what we were saying

to each other was...
it's fairly terminal.

Maybe it's because I...

need more space.

I think
I really do need

a lot more space.

He was too mean
to buy more space,

so he had
to kick me out instead.

Actually, I wasn't slow
in pointing this out.

You know what, Zach?

The other day,
I was trying to think

of the last thing
you bought me--

any kind of present.

You know what it was?

A single pink balloon

to celebrate my birthday.

I don't believe in birthdays,
never have.

Now, why doesn't that
surprise me?

But I know what
you'd like.

What would I like?

You'd like a crate
of vodka delivered

at the beginning
of every week.

You'd wake up,
there it'd be

at the end
of the bed.

Once a week?
Well, that certainly wouldn't be enough.

So there we were,
right in the middle

of our breakup,
and there...

- there was Greville.
- Hello, I saw you

at the Glyn Perry's
in August.

You don't remember?
I think we were sitting quite near each other.

He was dressed
in his usual

old-fashioned way,

almost defiantly out
of keeping with the times.

Keeps avoiding
catching my eye.

I mean,
he knows I'm there.

I know he's seen me,
but he...

he won't look at me.

No, he's smiling

and trying to gossip
with people.

I did enjoy
the exhibition.

Tell me,
were they meant to be people or fruit?

- What?
- The shapes.

They looked
like fruit to me,

but somebody said they were meant to be people.

And Liza was there
as well.

She was dressed
very oddly, too--

almost like her mother
might have been.

I'm having a party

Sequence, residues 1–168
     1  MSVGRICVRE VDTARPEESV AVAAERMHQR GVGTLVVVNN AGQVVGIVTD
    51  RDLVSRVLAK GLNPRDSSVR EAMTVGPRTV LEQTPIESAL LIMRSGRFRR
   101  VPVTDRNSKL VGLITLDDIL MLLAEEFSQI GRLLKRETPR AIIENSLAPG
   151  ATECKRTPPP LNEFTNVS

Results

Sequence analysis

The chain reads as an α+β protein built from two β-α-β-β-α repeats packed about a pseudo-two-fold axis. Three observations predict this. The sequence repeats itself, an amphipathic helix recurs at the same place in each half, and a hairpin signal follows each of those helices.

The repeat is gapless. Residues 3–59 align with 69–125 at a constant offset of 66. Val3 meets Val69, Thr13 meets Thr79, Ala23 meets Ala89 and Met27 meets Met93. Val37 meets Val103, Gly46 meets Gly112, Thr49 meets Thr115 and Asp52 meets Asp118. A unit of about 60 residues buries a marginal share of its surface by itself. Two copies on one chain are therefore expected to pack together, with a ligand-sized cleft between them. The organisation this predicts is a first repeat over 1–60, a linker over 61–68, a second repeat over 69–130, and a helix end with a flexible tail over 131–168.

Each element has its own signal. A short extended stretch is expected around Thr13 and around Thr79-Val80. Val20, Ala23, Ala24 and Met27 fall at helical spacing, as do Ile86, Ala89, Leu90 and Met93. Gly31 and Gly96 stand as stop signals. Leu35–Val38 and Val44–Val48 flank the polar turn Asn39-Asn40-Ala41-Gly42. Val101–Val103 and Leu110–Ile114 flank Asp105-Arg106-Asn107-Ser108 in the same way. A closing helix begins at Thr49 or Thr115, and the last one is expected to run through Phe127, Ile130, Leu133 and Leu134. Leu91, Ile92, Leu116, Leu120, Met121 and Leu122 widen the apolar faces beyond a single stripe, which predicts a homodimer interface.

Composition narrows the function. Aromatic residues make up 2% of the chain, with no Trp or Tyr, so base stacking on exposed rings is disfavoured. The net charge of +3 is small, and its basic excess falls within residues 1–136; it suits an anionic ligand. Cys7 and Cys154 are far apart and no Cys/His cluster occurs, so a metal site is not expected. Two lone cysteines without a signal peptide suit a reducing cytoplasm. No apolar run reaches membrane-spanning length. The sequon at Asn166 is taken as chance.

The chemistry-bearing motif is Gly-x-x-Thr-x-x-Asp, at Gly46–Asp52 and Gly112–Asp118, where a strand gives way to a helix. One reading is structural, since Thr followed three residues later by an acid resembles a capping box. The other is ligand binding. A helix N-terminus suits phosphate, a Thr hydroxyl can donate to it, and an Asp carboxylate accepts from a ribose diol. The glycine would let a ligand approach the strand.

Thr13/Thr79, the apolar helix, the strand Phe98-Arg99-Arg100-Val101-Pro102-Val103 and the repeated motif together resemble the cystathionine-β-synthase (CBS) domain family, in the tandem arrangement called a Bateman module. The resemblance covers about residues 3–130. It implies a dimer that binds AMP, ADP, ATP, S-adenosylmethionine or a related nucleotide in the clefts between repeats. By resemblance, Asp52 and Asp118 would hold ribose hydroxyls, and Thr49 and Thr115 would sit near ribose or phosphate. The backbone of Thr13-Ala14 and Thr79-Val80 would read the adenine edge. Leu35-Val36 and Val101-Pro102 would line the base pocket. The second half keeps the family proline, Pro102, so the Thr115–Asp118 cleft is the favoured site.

in my little flat

in Kensington
in a few weeks.

I do hope
you'll come.

She was still very young,

and yet she looked
so out of place.

Apparently,
there are only

12 interesting people
in London,

and so it will
have to be a very

tiny gathering,
as you can imagine,

but you are
one of them.

Hello, did you get
my letter?

Post is terrible,
but I've had an idea for a book.

I was wondering if we could talk about it.

It's a memoir, really.

I think it would make
quite a lively read--

the time I spent with Lloyd George and Churchill.

You see, I worked
on Churchill's papers.

Got to know him
quite well.

Got drunk
with him, actually.

It was like their joke
on the world.

You know,
this strange couple weaving some sort of spell

wasn't really
working anymore.

I think you'll be surprised in more ways than one.

Give me a call.

But it's like
he knew his power

was on the wane.

The great
newspaper proprietors

he was close to
were now dead.

He didn't have nearly
so many influential friends.

He was standing
very straight--

you know,
like he was determined

not to be engulfed
by this new world--

this world he had
first sensed maybe

when he met me.

I was almost relishing
watching him like that.

And I was-- I was thinking about Liza.

Was that what
he wanted me to become?

Was he one of the 12 most interesting men in London?

Apparently, yes. Yes.

What number does that make me,
I wonder?

Well, of course,
you're number one, Greville.

And then their car
draws up,

and they both get in.

I'm feeling
almost relaxed now.

They're going,
and nothing has happened.

Nothing bad
has occurred at all.